Without misfortune, distress, and sickness our lives would suffer.

That may sound like a great paradox but I am referring to eternal happiness not worldly happiness.

We usually are happy when things are going OUR way. That is, happiness is obtained when life and the world all fall into our personal view of how life should be—for us. Since this view often does not look beyond the personal self or the physical world, one’s happiness becomes tied to reputation, accumulation of wealth and pleasure. Therefore, God has no other recourse but to allow “s_ _ t to happen.”

It is not in God’s or our best interests that we go through life solely in our habitual minds, which have been conditioned to operate on a corporeal/sensual level. Daily life does not require us to seek spiritual happiness or to look beyond the allurements and trappings of the material world.

So when bad things happen, many people “snap out” of their habitual condition and begin to wake up and think more deeply about what really matters. That is a good thing! Misfortune, distress and sickness often lead people back to God and to the realization that what they formerly valued most turned out to be fleeting and worthless.

Lots of people blame God for the suffering in the world. However, if the things that give us the most pleasure hinder or block God’s influence of spiritual goodness from entering into our lives and hearts, desperate measures are taken. Happiness eludes most people because they only know what gives them the most pleasure.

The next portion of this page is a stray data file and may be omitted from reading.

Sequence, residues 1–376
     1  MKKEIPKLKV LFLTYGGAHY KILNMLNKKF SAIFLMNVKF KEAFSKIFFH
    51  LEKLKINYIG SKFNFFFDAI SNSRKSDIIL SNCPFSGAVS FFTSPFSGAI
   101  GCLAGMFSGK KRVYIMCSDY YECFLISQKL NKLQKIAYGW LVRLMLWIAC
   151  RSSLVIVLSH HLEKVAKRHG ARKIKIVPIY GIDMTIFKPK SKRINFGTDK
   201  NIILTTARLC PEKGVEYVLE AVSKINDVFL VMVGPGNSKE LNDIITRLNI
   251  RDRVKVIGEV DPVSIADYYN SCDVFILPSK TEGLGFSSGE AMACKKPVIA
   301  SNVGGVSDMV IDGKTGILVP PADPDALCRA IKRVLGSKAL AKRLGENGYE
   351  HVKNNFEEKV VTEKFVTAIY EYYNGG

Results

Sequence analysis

What is the difference between pleasure and happiness?

Happiness goes deeper than pleasure and is more inclusive. Pleasure often runs counter to true happiness as well. We want good things from God, but God wants us to do good things for others. Pleasure is worldly. Happiness is spiritual.

Let me share an experience. I was once told by an acquaintance that he felt it was wrong that people should suffer and die. Yet, this same person thought cheating on his wife was fine—he found pleasure in it. Now that he is old, overweight and has a bad heart, I hope he has time to ponder the true secret of happiness.

I have kept this post purposely short because I want to hear what you think about suffering in the world and how this affects your feelings about God.

Website: http://www.staircasepress.com

About thegodguy

EDWARD F. SYLVIA, M.T.S. Philosopher/Theologian Edward F. Sylvia attended the School of Visual Arts in New York and received his Master of Theological Studies at the Pacific School of Religion in Berkeley, CA and a Certificate of Swedenborgian Studies from the Swedenborgian House of Studies. He is a member of the Center for Theology and the Natural Sciences (C.T.N.S.) and the Swedenborg Scientific Association (S.S.A.). Award-winning author of "Sermon From the Compost Pile: Seven Steps Toward Creating An Inner Garden" and "Proving God," which fulfills a continuing vision that God’s fingerprints of love can be found everywhere in the manifest universe. His most recent book, "Swedenborg & Gurdjieff: The Missing Links" is an edgy collection of anti-intuitive essays for personal transformation that challenges and inspires. He has been a student of the ideas of both Emanuel Swedenborg and George I. Gurdjieff for over thirty years. Read more about TheGodGuy, his books and his ideas at http://www.staircasepress.com
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